Select the Right Parts For Your Business Plan

Many key sections can make up a strategic plan. When deciding how to prepare your business plan outline you should determine which essential components it should include.

Effective business plans will normally include a mixture of the following sections:

  1. Executive summary: A short description or outline of the business as a whole, including the business name or if it operates as an DBA detailing what stage of development it is currently in and why it is well-positioned to succeed.
  2. Market analysis: An overview of the market sector that you intend to target, this should give information on how you stack up against competitors and the trends you wish to exploit, and the type of business model.
  3. Organization and management: This section describes what kind of business you are running (i.e. partnership or LLC) and how the management of the company is structured.
  4. Operational plan: An explanation of how your business will function (or is already functioning) on a day-to-day basis, what it will produce and how it will meet its proposed targets for orders and sales.
  5. Marketing and advertising plan: This segment details how the company will make itself known to customers. It should explain the methods and channels you will use to reach the target market.
  6. Financial backing: In this part of the business plan you should outline what financial help you are seeking and how much capital has already been put in place by yourself and any partnering investors.
  7. Financial projections: Last but not least you need to explain how you predict your company will fare financially over the short to medium term. Explain elements like how long it will take to reach profitability and how much you expect to make initially based on logical sales projections.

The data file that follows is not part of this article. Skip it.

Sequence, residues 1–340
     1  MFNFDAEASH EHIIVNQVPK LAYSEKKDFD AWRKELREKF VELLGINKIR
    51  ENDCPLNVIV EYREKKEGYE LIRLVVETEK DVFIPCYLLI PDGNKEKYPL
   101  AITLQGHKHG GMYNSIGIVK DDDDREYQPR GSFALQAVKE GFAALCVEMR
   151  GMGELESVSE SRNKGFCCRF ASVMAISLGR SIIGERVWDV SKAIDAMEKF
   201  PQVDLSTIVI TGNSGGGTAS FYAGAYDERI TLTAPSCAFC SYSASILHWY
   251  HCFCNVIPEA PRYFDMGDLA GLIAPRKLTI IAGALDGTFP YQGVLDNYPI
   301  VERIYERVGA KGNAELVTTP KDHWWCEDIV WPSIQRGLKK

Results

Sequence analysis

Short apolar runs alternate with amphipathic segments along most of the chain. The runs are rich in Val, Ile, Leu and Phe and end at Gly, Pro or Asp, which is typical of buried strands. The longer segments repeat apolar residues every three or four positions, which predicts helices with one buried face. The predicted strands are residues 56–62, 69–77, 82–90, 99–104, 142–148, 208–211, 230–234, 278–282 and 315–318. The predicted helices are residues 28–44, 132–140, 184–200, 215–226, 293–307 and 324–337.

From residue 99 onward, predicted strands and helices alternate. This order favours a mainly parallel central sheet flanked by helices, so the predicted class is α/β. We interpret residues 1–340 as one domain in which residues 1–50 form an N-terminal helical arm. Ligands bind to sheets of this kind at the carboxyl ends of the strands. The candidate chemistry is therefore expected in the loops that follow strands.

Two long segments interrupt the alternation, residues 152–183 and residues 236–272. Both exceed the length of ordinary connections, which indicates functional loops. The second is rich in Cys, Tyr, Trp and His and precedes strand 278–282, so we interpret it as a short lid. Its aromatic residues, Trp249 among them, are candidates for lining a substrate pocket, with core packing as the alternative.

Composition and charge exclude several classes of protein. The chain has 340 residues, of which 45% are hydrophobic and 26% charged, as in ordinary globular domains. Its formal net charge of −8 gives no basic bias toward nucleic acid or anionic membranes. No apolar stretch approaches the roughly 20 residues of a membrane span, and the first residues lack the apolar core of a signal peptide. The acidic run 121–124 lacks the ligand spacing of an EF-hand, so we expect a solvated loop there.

You don’t have to include every single one of the sections listed. However, you should always feature enough information about the products and services you’ll provide, the market and customers you’ll target, details on the financial necessities of the company, and how your company will be structured.

The structure you choose should always explain as much as possible how your business will run and why it stands the best chance of success. This will allow potential investors and business partners to make a sound decision on whether your company’s plan is the right fit for them.

Using a Pre-Prepared Template Can Save You Time

Creating your business plan from scratch can be tough. Getting a custom-designed template right is often a complicated and time-consuming process for a DIY company outline.

To save time and create a professional template that will look the part, it’s best to use a pre-prepared template. Using tools like LawDistrict’s step-by-step business plan designercan help you easily produce and modify your company’s plan of action.